NEW YORK HCA Inc., the U.S. hospital chain purchased in a $33 billion leveraged buyout, is seeking to raise $300 million in a bond offering to repay bank debt and to amend terms of some of its loans.
The sale would be HCA's first since its November 2006 buyout, when the Nashville-based company raised $5.7 billion in what was then the biggest high-yield offering in 17 years, according to data compiled by Bloomberg.
High-yield, high-risk, or junk, borrowers are tapping the new issue market at the fastest pace since June, with yields relative to benchmark rates at the lowest in four months. HCA is turning to bonds to raise cash because it has $12 billion of bank debt maturing in 2012 and 2013, and probably won't be able to refinance in the weakened loan market, said Lauren Coste, an analyst at Fitch Ratings in Chicago.
"It's highly unlikely the loan market will be amenable to refinancing that," Coste said. "This is the first of several steps to proactively manage those maturities."Debt has been reduced
The hospital chain has cut its debt by $1.4 billion since its buyout in 2006 and has reduced its total debt to earnings to 5.8 times from 6.6 times, Fitch said in a statement Wednesday. HCA is "constrained" by high debt and leverage ratios and an "increasingly challenging industry environment," Fitch said.
"Today, HCA gets to take advantage of a market that is hungry for new deals," Vicki Bryan, a bond analyst at Gimme Credit LLC, said Wednesday in a report. "There has been a steady increase of funds into the high-yield market for several weeks, and portfolio managers are paid to invest cash not to sit on it."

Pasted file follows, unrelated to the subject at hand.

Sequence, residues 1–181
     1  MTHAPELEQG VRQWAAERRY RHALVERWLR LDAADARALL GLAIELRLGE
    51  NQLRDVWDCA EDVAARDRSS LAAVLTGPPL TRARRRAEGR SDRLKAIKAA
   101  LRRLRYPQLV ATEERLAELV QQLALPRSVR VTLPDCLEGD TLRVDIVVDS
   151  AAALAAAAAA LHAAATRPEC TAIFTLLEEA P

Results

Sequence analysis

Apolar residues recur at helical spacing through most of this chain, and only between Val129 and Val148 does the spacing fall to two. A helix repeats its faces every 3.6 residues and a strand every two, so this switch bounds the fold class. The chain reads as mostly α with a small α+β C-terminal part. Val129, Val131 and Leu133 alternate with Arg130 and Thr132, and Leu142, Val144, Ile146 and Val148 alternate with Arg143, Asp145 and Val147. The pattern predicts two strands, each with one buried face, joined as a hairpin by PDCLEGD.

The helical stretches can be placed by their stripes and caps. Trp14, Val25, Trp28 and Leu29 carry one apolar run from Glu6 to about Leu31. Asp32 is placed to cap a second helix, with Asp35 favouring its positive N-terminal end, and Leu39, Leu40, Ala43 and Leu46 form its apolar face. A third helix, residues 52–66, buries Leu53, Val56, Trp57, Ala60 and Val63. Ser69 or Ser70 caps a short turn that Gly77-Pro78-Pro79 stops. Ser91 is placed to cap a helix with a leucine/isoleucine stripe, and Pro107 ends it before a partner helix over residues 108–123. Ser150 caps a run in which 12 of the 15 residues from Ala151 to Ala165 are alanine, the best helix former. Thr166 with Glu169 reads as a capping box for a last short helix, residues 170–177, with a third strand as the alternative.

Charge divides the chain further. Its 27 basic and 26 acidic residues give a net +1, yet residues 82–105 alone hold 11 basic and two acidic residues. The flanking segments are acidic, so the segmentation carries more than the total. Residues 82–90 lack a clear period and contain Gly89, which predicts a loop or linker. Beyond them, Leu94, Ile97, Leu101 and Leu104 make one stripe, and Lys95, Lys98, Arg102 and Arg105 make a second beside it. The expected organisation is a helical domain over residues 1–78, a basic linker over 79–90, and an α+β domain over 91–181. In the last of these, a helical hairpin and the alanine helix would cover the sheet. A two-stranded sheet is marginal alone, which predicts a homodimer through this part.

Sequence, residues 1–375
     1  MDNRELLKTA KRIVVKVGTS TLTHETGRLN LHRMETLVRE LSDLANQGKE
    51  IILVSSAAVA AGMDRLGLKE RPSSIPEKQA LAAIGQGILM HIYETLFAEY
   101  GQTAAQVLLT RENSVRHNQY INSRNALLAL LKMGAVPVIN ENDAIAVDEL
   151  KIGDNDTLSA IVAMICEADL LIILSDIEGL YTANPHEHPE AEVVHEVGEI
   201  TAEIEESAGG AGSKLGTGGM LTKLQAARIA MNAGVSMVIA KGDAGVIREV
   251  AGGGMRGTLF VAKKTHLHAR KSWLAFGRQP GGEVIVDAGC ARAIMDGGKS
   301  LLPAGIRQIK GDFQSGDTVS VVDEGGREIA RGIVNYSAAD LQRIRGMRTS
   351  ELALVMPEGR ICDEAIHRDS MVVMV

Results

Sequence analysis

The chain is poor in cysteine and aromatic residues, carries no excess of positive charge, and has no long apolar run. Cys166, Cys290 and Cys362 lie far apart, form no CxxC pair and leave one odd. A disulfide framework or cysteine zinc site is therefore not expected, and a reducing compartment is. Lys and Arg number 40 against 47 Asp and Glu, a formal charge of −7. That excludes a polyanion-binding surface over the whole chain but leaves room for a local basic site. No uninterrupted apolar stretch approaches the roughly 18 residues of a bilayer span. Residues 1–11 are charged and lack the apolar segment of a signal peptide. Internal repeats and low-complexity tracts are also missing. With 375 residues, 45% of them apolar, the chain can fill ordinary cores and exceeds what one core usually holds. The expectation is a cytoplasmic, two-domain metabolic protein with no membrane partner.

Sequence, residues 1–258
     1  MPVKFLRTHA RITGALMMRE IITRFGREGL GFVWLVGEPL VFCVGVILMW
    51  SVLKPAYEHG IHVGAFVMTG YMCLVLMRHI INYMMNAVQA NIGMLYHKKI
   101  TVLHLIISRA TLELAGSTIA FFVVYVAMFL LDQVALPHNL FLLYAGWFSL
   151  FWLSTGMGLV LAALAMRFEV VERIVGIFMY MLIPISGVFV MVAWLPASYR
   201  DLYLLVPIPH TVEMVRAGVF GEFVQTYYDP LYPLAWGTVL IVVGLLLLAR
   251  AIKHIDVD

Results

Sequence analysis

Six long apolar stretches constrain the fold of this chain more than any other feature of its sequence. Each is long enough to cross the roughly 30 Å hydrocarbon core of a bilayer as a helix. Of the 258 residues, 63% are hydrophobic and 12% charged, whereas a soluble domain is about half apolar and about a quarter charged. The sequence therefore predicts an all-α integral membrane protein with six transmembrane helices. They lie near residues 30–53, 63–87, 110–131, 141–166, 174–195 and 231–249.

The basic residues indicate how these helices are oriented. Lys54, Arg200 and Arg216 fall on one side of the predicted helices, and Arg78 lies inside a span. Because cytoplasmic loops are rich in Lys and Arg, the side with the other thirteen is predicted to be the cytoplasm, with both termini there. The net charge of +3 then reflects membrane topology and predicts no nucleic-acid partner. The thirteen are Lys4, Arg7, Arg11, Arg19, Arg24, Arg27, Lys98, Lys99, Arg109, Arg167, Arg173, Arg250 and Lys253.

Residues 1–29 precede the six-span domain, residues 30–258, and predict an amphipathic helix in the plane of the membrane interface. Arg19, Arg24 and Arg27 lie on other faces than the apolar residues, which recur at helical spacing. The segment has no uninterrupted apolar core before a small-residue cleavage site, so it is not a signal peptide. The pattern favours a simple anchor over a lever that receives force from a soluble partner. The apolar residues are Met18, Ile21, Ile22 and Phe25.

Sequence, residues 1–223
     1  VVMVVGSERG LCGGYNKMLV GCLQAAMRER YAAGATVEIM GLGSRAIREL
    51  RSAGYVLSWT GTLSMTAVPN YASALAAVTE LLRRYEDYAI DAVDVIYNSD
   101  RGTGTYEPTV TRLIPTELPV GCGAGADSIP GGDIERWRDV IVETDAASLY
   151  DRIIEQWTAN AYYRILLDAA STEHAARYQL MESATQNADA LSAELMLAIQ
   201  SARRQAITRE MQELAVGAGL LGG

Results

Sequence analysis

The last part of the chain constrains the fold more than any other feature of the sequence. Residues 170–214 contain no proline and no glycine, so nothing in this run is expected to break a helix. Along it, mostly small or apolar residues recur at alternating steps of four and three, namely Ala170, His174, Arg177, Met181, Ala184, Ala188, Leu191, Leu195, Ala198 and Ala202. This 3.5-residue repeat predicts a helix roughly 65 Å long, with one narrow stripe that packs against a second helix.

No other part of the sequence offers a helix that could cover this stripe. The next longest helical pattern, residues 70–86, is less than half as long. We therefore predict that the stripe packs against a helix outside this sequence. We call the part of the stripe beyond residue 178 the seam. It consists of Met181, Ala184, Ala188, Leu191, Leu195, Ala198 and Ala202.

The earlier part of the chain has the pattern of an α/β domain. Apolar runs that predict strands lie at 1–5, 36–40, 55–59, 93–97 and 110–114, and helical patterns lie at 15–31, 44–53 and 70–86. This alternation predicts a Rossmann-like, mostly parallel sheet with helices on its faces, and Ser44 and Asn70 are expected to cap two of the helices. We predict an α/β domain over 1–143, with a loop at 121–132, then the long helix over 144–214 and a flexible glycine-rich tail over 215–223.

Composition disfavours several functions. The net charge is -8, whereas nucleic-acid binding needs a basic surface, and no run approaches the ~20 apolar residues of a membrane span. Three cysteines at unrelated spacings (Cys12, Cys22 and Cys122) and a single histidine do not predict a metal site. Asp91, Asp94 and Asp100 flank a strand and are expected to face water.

Ed Fishbough, an HCA spokesman, said that the company was pleased with response to the offering. "This is a step we're taking as part of a prudent and conservative plan to pay down some of our debt that begins maturing in three-and-a-half years," he said. "Recent opportunities in the high yield bond market are allowing us to refinance some of this at a later maturity date."
Fishbough said that HCA has paid down $1.4 billion of its debt since year-end 2006.
But to some analysts, the company hasn't been reducing the debt fast enough.
"HCA has demonstrated a chronic inability to generate sufficient cash to chisel down its massive debt load, and leverage has not improved since 2006," Bryan said Wednesday in the report. "It might get even more expensive to borrow later in the year if HCA continues to deteriorate."
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